Cloudcroft chief stops Israelis with suspicious cargo
By Michael Shinabery Staff Writer, Alamogordo Daily News
CLOUDCROFT, NM -- That they were speeding through the school zone first got his attention.
That they had Israeli driver's licenses and expired passports made him suspicious.
Cloudcroft Police Chief Gene Green stopped the 2-ton van on Thursday, for speeding. Initially, Green thought the truck was commercial because of exterior markings. But when he found it was out of Chicago, he asked for documentation such as logs books and manifests.
"They said this is a U-Haul truck and handed me a rental agreement (for) in-town delivery only in Illinois, (which) had expired two days before," Green said. He called for backup, and Otero County Sheriff's Deputy Billy Anders, who patrols the Sacramento Mountains, arrived, along with Capt. Norbert Sanchez and Det. Eddie Medrano.
"We got them out and started digging a little deeper," Green said, "got permission to search the truck. They claimed they were hauling furniture from Austin to Chicago." When officers advised the men they were not exactly en route from one town to another, Green said the two men claimed they were Deming bound. "But they couldn't give us an address in Deming they were going to," he said. "Once we got into the truck, they had some junk furniture I wouldn't have given to Goodwill."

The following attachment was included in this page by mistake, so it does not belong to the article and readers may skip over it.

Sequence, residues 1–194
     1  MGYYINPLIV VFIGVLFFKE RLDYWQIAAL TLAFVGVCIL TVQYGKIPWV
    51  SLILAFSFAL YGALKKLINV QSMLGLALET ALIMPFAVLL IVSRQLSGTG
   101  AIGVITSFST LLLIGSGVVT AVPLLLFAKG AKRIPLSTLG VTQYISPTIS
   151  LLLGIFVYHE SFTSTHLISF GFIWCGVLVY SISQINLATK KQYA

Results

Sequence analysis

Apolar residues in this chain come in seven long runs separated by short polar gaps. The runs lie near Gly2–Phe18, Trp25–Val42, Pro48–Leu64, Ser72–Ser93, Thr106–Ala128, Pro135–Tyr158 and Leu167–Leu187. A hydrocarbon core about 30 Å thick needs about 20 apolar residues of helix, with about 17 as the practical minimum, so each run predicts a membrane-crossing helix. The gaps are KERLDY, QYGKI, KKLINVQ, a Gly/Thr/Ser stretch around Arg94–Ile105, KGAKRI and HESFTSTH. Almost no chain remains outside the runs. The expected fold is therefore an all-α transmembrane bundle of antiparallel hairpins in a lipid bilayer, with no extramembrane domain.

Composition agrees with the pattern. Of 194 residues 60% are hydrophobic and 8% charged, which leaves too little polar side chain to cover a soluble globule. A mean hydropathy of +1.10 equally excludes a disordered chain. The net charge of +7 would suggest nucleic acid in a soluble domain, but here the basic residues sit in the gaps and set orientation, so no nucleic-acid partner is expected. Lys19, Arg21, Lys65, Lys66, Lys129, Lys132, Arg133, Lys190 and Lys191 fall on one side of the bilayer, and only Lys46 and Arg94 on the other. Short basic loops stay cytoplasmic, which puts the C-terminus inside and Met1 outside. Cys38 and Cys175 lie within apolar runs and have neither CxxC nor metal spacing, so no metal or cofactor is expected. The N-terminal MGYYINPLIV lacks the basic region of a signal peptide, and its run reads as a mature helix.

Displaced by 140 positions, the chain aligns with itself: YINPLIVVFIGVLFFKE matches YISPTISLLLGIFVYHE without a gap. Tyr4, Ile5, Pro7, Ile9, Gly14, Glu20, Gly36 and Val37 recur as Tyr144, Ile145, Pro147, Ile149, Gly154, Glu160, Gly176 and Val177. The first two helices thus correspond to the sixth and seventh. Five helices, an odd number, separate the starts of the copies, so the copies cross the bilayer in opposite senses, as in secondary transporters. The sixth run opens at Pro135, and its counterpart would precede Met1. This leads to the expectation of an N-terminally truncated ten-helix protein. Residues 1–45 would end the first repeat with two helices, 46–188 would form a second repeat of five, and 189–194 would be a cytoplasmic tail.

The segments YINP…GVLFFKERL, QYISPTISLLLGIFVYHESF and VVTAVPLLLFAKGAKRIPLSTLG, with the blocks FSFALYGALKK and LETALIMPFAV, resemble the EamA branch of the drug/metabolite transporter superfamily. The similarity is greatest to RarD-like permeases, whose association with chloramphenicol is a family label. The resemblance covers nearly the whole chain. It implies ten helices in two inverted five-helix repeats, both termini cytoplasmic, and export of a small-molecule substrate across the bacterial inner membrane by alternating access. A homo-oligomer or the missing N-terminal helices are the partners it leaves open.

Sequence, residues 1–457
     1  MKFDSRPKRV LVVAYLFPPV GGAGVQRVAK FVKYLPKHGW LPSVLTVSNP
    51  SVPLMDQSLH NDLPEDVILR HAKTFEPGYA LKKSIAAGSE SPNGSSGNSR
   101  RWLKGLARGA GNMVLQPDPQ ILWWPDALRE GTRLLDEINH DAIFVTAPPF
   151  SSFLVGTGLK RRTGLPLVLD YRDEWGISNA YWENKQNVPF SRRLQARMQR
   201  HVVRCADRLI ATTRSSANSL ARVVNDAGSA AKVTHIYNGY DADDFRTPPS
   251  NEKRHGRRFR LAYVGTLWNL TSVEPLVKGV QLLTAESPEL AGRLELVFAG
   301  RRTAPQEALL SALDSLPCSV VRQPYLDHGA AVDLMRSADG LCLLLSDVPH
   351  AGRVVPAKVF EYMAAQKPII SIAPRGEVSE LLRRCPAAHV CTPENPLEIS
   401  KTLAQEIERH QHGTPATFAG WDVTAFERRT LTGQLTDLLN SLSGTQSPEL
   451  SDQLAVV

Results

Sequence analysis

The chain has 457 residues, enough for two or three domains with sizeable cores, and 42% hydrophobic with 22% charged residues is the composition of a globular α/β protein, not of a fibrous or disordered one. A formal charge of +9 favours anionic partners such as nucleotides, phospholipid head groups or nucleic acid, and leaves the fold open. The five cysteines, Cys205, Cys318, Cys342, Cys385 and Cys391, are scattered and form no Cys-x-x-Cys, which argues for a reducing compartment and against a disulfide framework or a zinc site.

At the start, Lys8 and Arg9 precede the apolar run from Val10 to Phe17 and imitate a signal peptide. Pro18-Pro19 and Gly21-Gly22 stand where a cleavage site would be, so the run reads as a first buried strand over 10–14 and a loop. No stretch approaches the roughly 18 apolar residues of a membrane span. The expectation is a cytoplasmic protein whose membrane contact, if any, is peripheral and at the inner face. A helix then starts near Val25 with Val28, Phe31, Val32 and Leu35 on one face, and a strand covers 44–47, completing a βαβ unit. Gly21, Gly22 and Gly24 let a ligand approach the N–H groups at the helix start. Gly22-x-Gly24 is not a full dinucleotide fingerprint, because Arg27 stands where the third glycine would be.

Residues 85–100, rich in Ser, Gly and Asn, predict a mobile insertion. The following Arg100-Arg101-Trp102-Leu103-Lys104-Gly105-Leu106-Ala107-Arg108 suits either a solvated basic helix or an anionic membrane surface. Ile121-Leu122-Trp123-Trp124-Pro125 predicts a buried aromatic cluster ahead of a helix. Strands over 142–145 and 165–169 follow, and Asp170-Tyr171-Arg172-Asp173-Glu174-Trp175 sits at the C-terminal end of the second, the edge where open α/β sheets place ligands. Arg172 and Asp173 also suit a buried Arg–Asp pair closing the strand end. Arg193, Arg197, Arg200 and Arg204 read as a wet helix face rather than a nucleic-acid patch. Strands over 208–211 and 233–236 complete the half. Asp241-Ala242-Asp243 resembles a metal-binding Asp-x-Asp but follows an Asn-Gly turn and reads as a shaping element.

Also inside the vehicle were, Green said, "50 boxes" they claimed was a "private" delivery, but the men insisted they had no "idea what was in them."
At that point, the officers called for drug-sniffing and bomb-sniffing dogs. The men were turned over to the Immigration and Naturalization Service, and U- Haul recovered the truck.
Contents of the boxes remain unknown, pending investigation.
Well, don't that just beat all? Another "moving company" with Israeli drivers with bad papers, and nobody even noticed...
Well, I noticed.
Not only did I notice, I remembered a strange story about a similar event:
On May 7, 2002, local police authorities pulled over a Budget rental truck in Oak Harbour, Washington near the Whitney Island Naval Air Station. The driver and his passenger were Israeli nationals, one of which had entered the country illegally. The other had an expired visa. Tests performed on the vehicle revealed that there were traces of TNT on the gearshift and RDX plastic explosives on the steering wheel. But no actual explosives were reported to have been found in the truck. [Fox News, 5/13/02]
A report in the Seattle Post-Intelligencer the following day reported that the FBI performed follow-up tests on the truck which turned-up negative. One source speculated that perhaps the original tests had actually detected just cigarette residue, and not explosives. [Seattle Post-Intelligencer, 5/14/02, Jerusalem Post, 5/14/02].